Defence Abuse Response Taskforce report on HMAS Leeuwin
18 June 2014
The independent Defence Abuse Response Taskforce report into allegations of abuse at HMAS Leeuwin was today tabled in Parliament, marking a significant step in the efforts to address past incidences of abuse in the Australian Defence Force.
Defence acknowledges the significant work that the Defence Abuse Response Taskforce has undertaken in assessing the matters concerning HMAS Leeuwin. The Chief of the Defence Force, General David Hurley, acknowledged the courage and strength of the former HMAS Leeuwin junior recruits who have come forward and, in particular, those who have allowed the Taskforce to further share their story in this report.
"The matters reported in the HMAS Leeuwin report are abhorrent, and it goes without saying that abuses, such as those recorded, should not have occurred and have no place in the Australian Defence Force," General Hurley said.
General Hurley noted that such behaviour does not reflect the values and standards of behaviour expected of all ADF members today.
"The senior leadership group and I are committed to continue to address inappropriate behaviour and attitudes, and align Defence culture with that expected by our society of a modern military force."
Chief of Navy, Vice Admiral Ray Griggs, said that Navy deeply regrets that this type of unacceptable behaviour was ever able to be inflicted upon junior recruits at HMAS Leeuwin.
"No person who wears the uniform of our armed forces should ever have to endure what these boys endured. Importantly some of those in positions of responsibility failed to intervene and consequently become part of the negative culture.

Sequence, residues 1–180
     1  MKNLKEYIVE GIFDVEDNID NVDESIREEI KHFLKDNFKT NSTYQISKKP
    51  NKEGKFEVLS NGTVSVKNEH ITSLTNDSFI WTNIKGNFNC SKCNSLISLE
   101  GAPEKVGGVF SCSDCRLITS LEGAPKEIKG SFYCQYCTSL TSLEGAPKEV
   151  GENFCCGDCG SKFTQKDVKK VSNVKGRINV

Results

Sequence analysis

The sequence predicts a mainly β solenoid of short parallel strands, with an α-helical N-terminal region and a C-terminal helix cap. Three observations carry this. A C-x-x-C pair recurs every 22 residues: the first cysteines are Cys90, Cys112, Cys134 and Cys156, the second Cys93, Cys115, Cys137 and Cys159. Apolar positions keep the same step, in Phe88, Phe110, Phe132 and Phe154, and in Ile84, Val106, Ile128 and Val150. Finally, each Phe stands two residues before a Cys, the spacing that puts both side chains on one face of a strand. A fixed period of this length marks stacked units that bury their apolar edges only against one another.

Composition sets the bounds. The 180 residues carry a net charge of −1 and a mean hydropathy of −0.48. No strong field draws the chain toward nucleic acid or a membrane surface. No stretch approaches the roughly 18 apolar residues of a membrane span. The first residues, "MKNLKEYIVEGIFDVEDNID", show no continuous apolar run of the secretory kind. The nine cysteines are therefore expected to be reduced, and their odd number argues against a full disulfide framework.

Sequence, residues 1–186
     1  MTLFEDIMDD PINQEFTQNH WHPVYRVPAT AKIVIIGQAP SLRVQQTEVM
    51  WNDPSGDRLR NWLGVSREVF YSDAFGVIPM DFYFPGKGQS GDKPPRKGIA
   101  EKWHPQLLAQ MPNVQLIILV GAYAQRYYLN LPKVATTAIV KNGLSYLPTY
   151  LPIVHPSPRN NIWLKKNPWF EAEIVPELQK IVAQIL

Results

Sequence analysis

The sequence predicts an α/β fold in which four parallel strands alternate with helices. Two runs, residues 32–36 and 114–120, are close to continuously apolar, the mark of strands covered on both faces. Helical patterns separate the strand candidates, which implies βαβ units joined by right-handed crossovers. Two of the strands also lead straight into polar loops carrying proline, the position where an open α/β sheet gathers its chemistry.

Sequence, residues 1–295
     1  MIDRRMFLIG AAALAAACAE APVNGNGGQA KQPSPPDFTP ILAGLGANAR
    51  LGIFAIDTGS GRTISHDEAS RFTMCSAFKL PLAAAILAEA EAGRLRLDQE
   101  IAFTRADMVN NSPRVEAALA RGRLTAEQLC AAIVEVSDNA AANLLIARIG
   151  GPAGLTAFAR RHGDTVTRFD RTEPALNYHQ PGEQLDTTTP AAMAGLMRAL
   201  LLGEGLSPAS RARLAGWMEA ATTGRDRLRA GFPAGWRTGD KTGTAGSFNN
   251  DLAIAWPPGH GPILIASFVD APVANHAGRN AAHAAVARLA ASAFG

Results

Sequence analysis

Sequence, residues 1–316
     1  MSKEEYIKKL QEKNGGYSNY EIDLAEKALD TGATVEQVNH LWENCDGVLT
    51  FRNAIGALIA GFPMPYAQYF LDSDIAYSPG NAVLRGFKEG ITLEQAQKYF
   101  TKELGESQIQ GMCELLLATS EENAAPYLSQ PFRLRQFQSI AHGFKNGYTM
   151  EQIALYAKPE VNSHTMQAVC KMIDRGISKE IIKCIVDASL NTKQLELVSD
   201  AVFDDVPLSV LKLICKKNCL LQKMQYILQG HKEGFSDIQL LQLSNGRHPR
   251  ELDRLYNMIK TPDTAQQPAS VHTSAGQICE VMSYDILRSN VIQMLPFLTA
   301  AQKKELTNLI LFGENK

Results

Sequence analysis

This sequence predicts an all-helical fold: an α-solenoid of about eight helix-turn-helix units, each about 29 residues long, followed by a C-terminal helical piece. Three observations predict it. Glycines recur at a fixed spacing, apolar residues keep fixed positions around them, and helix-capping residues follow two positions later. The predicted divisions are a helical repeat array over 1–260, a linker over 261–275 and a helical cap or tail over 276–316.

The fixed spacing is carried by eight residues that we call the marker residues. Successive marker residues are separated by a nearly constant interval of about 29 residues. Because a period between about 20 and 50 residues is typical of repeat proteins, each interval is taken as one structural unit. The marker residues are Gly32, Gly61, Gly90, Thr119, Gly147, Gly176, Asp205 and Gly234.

“To those individuals affected, I offer the reassurance that such behaviour is not tolerated and is dealt with swiftly in today’s Navy," Vice Admiral Griggs said.
From 1960–1984 HMAS Leeuwin trained over 13,000 Navy members and played an important part in the development of the nation’s capability at that time.
Vice Admiral Griggs stressed that Navy is a very different organisation today to that which existed in the 1960s, 70s and 80s.
"This sort of behaviour is inconsistent with our values and the behaviours we all try to live by - it damages our people and our effectiveness to work together and achieve our mission," he said.
General Hurley and Vice Admiral Griggs acknowledged that while they are confident the abusive environment at HMAS Leeuwin as described does not exist in the Defence Force of today, the lessons can be learned from the Taskforce review of HMAS Leeuwin and the report will assist Defence’s ongoing commitment to achieve real and sustained cultural change.
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